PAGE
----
Doing It Right Every Time

This video is called Doing It Right Every Time – Providing Accessible Services to the Deaf in Acute Care and Palliative Care.





Click here to view the Power Point from the video: Doing It Right Every Time

Click here to view the text from the video: Doing It Right Every Time – Accessible Services

This video is a re-creation of a workshop presentation given at many national and local conferences as well as to professionals in health care. Our goal is to share, as widely as possible, how to make health care truly accessible for the Deaf.

Many thanks to the Canadian Hospice Palliative Care Association for inviting us to present at their national conferences and thus inspiring us to pursue funding to make video versions of our workshop presentation, Doing It Right Every Time – Accessible Services to the Deaf in Acute Care and Palliative Care and the ASL version of The Meeting of Our Hearts. The funds for the production of the videos were from St Rene Goupil Ottawa Catholic Deaf Community, CHPCA and The Ottawa Deaf Centre Legacy Fund, which is administered by the Ottawa Community Foundation.

This video is a five minute introduction of the three presenters:




Click here to view the text from the introductions video: Introduction of Three Presenters


Butterfly Release

On Sept 10, 2017 the Deaf Palliative Care Team invited the Deaf community to the beautiful gardens of the Hospice at May Court to share stories of loved ones who had died and to release monarch butterflies in their memory.

According to a North American Native legend:

If anyone desires a wish to come true they must first capture a butterfly and whisper that wish to it.

Since a butterfly can make no sound, the butterfly cannot reveal the wish to anyone but the Great Spirit who hears and sees all.

In gratitude for giving the beautiful butterfly its freedom, the Great Spirit always grants the wish.

So, according to legend, by making a wish and giving the butterfly its freedom, the wish will be taken to the heavens and be granted.

100 butterflies were woken from a refrigerated sleep, slowly warmed and given messages before being released. It was magical watching the wings unfurl and the butterflies sitting on hands and fingers that had been dipped in Gatorade, slowly sipping before taking flight.

Grief is the natural response to losing a loved-one and the Butterfly event was an opportunity to be with others who were grieving.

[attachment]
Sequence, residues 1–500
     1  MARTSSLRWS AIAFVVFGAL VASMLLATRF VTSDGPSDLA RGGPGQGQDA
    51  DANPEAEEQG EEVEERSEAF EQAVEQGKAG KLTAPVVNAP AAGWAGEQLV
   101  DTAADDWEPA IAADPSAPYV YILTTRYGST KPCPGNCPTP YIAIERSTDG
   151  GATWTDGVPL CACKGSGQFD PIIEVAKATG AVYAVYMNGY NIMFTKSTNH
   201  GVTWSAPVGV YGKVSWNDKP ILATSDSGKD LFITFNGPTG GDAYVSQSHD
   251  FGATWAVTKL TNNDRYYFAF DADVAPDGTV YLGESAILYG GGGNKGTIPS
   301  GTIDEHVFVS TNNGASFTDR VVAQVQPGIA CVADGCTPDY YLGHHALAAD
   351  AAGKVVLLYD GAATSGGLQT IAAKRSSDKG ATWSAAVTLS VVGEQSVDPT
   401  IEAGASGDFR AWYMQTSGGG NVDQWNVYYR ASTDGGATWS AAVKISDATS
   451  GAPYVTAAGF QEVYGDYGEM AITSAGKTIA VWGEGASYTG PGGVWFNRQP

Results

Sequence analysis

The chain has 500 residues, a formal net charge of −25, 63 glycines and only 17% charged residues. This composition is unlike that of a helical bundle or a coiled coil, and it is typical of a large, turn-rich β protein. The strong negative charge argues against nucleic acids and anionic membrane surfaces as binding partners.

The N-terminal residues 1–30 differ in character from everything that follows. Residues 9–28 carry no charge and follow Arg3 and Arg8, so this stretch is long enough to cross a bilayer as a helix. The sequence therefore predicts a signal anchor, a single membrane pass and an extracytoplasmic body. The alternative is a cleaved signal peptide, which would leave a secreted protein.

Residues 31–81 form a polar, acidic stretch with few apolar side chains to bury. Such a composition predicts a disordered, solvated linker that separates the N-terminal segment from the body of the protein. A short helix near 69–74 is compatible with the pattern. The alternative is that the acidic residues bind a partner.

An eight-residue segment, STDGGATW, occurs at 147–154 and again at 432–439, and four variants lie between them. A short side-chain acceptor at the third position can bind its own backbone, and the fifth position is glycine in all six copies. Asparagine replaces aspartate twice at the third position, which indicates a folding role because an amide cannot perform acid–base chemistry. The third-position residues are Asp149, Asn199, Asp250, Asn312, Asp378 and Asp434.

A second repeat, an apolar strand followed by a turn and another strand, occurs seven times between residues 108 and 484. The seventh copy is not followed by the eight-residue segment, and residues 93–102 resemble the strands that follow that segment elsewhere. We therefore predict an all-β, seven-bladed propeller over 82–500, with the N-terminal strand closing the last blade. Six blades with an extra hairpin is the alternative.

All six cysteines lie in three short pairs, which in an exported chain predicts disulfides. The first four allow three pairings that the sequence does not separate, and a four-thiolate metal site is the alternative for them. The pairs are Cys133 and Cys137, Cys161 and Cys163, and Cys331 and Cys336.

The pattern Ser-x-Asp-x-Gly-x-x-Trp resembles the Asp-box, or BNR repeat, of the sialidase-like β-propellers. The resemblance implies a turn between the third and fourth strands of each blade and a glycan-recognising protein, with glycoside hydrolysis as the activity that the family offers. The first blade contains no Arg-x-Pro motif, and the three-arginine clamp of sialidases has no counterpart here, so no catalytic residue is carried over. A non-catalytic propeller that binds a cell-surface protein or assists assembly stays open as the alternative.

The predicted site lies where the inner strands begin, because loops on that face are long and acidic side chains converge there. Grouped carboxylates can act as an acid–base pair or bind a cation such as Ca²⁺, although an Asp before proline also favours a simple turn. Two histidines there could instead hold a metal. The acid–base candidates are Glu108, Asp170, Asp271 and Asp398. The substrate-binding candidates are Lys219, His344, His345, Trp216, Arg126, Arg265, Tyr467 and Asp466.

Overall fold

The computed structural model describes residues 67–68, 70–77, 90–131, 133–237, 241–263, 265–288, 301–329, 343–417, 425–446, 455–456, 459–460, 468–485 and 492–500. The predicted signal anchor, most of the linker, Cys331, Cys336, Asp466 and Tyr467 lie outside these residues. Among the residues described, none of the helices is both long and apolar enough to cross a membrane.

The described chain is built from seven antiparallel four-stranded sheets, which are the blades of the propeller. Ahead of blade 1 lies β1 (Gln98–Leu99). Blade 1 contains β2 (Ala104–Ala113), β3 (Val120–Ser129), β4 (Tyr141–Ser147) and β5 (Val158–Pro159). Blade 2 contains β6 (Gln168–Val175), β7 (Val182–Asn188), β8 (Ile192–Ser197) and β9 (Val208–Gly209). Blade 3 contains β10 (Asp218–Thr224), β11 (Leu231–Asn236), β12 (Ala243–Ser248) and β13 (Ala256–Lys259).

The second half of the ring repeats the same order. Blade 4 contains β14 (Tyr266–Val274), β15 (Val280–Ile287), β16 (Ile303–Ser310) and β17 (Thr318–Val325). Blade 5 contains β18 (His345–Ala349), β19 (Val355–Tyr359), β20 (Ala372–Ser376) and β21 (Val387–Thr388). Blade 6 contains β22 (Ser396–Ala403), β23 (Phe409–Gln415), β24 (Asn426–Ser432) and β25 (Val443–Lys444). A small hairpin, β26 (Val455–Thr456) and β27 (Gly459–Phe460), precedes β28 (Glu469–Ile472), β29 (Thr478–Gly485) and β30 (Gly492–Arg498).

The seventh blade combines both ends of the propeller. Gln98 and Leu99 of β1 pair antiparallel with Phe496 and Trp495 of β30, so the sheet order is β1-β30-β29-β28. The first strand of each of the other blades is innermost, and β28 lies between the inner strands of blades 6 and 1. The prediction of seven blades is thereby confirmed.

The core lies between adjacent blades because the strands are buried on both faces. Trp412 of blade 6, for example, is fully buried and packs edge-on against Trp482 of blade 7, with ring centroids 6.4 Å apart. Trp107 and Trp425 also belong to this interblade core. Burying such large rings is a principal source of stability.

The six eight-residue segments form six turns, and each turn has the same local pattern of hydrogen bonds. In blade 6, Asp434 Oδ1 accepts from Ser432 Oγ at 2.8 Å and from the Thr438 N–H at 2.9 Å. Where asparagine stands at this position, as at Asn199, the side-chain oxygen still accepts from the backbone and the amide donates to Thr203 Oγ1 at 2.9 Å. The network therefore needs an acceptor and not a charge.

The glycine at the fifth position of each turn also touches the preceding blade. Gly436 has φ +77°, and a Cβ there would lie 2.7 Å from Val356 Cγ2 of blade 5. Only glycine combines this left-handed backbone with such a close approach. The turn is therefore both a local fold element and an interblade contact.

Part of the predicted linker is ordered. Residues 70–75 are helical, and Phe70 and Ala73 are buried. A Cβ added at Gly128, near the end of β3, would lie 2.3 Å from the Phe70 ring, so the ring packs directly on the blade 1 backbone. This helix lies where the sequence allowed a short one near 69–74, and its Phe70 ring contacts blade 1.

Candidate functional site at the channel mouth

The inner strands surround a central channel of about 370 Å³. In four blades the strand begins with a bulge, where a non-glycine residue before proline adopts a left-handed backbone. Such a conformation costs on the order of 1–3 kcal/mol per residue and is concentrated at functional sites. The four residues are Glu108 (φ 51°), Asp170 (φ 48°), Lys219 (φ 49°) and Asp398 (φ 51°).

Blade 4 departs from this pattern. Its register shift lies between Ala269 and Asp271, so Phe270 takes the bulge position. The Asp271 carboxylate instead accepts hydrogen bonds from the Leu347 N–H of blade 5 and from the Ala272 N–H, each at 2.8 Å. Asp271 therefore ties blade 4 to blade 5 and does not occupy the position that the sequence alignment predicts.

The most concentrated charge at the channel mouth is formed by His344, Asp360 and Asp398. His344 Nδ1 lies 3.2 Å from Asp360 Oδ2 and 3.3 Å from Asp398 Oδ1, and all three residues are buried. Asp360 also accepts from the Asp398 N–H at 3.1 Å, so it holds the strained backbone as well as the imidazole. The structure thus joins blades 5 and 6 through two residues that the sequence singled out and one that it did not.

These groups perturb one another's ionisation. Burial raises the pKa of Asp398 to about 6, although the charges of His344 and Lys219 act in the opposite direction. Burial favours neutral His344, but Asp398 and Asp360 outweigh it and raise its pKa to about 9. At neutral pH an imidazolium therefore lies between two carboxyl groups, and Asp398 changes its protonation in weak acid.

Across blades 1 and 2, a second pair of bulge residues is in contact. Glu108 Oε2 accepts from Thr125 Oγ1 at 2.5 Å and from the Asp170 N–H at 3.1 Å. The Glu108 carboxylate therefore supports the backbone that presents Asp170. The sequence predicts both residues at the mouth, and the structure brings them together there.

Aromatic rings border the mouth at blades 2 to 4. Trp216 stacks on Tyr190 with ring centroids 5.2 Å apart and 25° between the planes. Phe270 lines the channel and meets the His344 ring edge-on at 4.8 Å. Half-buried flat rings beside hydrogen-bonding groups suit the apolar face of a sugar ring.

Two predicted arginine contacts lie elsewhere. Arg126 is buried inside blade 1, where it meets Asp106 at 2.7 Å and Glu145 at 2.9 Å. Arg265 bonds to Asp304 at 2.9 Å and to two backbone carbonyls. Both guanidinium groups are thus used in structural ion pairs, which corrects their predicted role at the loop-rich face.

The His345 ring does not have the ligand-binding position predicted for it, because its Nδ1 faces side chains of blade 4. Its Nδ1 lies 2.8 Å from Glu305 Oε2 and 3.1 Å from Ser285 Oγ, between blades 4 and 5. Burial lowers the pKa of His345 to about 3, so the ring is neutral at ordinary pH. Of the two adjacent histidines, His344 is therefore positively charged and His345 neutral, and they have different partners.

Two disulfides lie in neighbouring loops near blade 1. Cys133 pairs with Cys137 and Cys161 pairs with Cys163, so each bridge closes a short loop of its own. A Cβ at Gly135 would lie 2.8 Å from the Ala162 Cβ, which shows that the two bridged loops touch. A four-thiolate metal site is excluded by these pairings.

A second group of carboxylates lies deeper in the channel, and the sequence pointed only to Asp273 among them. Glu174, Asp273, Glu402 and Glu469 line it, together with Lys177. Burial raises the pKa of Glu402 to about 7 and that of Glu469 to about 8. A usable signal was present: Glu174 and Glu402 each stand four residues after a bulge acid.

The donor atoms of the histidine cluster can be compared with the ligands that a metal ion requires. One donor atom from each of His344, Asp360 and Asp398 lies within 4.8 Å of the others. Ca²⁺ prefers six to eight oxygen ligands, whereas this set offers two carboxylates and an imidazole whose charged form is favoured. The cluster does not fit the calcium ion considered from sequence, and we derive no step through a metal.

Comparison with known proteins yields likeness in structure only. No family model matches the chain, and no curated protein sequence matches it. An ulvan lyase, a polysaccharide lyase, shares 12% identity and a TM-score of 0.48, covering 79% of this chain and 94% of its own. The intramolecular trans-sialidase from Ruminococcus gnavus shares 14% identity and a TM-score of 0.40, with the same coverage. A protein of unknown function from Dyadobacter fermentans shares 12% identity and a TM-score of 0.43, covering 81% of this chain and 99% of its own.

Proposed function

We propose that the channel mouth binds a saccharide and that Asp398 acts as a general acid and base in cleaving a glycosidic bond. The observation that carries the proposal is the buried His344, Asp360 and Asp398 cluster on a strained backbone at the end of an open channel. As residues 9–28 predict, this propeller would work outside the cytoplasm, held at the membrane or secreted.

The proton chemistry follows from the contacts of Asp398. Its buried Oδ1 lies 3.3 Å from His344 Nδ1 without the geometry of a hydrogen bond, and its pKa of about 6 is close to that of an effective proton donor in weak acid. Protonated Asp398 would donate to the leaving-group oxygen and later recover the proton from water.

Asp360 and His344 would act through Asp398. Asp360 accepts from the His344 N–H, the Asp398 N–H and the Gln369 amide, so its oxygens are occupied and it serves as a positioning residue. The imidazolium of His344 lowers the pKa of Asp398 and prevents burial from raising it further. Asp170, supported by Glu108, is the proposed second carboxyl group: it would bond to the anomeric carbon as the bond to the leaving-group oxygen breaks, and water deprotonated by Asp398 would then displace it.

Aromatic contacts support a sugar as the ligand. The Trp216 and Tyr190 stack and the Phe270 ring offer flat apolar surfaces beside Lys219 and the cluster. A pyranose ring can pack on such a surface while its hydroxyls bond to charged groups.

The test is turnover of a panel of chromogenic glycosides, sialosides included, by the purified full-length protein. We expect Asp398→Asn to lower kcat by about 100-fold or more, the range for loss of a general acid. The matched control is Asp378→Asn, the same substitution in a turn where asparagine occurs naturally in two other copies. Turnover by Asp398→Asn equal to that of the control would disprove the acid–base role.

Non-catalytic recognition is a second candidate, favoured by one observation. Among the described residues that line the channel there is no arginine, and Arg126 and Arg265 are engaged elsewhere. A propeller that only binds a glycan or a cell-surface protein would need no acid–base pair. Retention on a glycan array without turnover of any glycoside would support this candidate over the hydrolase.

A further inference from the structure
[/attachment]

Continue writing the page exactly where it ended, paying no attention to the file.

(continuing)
In bereavement there are often two words used – “grief” and “mourning”. They are different – grief is what happens inside. Mourning is when you take the grief you have on the inside and express it outside yourself, ideally in the presence of understanding, compassionate people.

Many people grieve, but they do not mourn.

The beauty of the butterfly helps us take our grief and mourn – to feel that even out of unspeakable grief, beautiful things happen. Many people felt surrounded by warm understanding love.

The butterfly event was made possible through the support of many volunteers, Hospice Care Ottawa and the May Court Club. Susan McKinley (a volunteer on the Deaf Palliative Care Team) along with her husband Henry, are volunteer gardeners on a team that works every Saturday from spring to late fall making The May Court garden a spectacular sight.

Hopefully our pictures share with you the joy of the day.


Christine Wilson Highlights


  • Founder, Director and Chair of Board of Sign Language Interpreting Associates Ottawa INC (SLIAO)
  • ASL/English interpreter, RN by profession (no longer active), CODA (Child of Deaf Adults)
  • Accredited interpreter with PWGSC, Translation Bureau and Ministry of the Attorney General
  • Established non-profit organization to provide group homes for Deaf individuals with multiple disabilities: Total Communication Environment (TCE)
  • Involved in establishing culturally specific Long Term Care for the Deaf and Co-Lead of the Ottawa Deaf Health Care Team
  • Founding member of local, provincial and Canadian professional organizations of sign language interpreters: SLINC, OASLI and AVLIC (now CASLI).
  • Established sign language program at Algonquin College, (mid 1970’s) ensuring all teachers were Deaf
  • Volunteered with Deaf children locally and internationally
  • 10 plus years as ASL interpreter for CPAC’s telecast of Parliament’s daily Question Period
  • One of first ASL interpreters with PWGSC, Translation Bureau more than 35 years ago
  • 1987 Ottawa Citizen of the Year
  • 2012 Ontario Medal for Good Citizenship (O.M.C.)
  • 2012 Queen’s Diamond Jubilee Medal